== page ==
Police and demonstrators clashed in the Bavarian town of Garmisch-Partenkirchen on Saturday at a rally called to protest the Group of Seven (G7) summit of the world's major economies in the nearby Elmau luxury alpine hotel.
Violent confrontations erupted after police said demonstrators threw smoke bombs and bottles at officers, who responded with pepper spray.
The Stop G7 Elmau protest organisers said police provoked the confrontation and accused officers of using their batons on the crowd.
Several protesters were injured, rally spokesman Simon Ernst said, while one police officer reported suffering eye injuries.
The protestors' camp on the outskirts of the town was evacuated late Saturday after torrential rains raised fears of flooding.
The rally in the centre of the southern German town brought together activists for various causes, from anti-poverty and environmental campaigners to animal rights supporters and those arguing for better treatment for refugees.
The protest was mounted ahead of the two-day annual summit of G7 major economies, which is to be opened by German Chancellor Angela Merkel on Sunday.
But instead of the about 10,000 people the Stop G7 Elmau organisers had expected to attend the rally, they said about 7,500 turned up. Police put the number lower at 3,600.
Protestors carried signs reading "Save the environment from the profit system" and "No intelligent people sells off their democracy."
Another placard read "Stop TTIP!" - referring to the free-trade pact being negotiated by the United States and the European Union, while one protestor held a sign declaring: "Go to hell! I like Putin."
In the town centre, hundreds of police vehicles line cordoned off streets. Many businesses in Garmisch-Partenkirchen have decided to close for the duration of the summit, located in the Elmau resort some 20 kilometres away.
The anti-G7 demonstrators launched their protests on Thursday when about 35,000 people held a rally in the Bavarian capital of Munich calling for the G7 leaders to take action to head off the threat of global warming and to address the social fallout from globalization.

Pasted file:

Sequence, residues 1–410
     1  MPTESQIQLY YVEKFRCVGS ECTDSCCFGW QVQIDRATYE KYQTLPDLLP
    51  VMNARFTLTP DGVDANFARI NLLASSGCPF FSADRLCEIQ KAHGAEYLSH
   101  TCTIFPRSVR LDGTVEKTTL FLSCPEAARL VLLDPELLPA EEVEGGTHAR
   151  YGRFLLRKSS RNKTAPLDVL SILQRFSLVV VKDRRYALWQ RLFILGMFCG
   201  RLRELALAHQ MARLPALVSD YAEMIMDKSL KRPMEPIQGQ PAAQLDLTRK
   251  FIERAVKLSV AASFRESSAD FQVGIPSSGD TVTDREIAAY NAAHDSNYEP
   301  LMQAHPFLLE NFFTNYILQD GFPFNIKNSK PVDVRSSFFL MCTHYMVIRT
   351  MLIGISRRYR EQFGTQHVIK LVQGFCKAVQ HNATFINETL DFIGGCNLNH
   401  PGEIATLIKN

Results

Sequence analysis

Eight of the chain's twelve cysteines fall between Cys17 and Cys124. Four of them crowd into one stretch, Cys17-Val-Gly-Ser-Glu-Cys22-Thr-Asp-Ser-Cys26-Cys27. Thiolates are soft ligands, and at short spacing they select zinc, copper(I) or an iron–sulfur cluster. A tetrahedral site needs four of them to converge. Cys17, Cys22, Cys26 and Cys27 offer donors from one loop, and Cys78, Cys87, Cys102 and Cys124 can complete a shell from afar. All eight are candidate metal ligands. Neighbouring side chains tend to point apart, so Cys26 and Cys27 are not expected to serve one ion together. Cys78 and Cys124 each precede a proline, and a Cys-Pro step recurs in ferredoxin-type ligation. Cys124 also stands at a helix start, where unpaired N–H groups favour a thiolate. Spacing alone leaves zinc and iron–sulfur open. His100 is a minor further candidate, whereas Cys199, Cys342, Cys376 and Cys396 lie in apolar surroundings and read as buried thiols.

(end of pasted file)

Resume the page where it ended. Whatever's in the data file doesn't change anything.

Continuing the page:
About 23,000 police have been deployed to guard the summit of the leaders of the G7 nations - the United States, Britain, Canada, Italy, France and Japan. Germany currently holds the G7's rotating presidency.
G7 leaders began arriving on Saturday. US President Barack Obama is scheduled to land at Munich's international airport early Sunday.
He is set to travel with Merkel to the small nearby village of Kruen, where the two leaders will meet some of the 2,000 residents and the mayor.
When the summit chaired by Merkel begins later Sunday leaders will consider a broad range of issues, from the current state of the global economy, through to terrorism and poverty as well climate change.
The faltering talks between Athens and its international creditors are also to be raised both on the sidelines of the meeting and as part of the leaders' talks on the global economy.
Merkel said Saturday she hoped G7 leaders will pledge to help meet the goal of preventing a global temperature rise of more than 2 degrees celsius in order to prevent the most dangerous effects of global warming.
The agreement in Elmau is needed in order to secure an ambitious, binding agreement at international climate talks scheduled for December, Merkel said in a statement.
"That's why I hope that we can say clearly as G7 countries that we stand by this objective," she said.
The chancellor also said she expected leaders to agree to financing a 100 billion dollar fund that, from 2020 onwards, poorer countries can tap into to help expand climate-friendly economic activity, such as renewable energy.
In London, a spokesperson for David Cameron said the prime minister was "very supportive" of the G7's efforts on climate change.
Of the G7 countries, Japan's climate policies have come under the most intense criticism, noteably for Tokyo's approval of 52 new coal-fired plants as other advanced economies continue to invest more in clean energy.
In an opinion piece for CNN's website, Prime Minister Shinzo Abe wrote that he is setting a target for Japan to reduce its greenhouse emissions by 26 per cent by 2030.
In order to achieve this goal, Japan will make a seven-fold increase in solar solar energy capacity and a four-fold increase in wind and geothermal capacity, Abe wrote.
Critics said the plan does not go far enough.
"Instead of 26 percent, it should be a reduction of 40 to 60 percent," said Kiri Hanks, a climate expert for international relief charity Oxfam.
Many environment groups, including the WWF, are urging industrialized countries to completely abandoned fossil fuel-based energy sources by the middle of the century.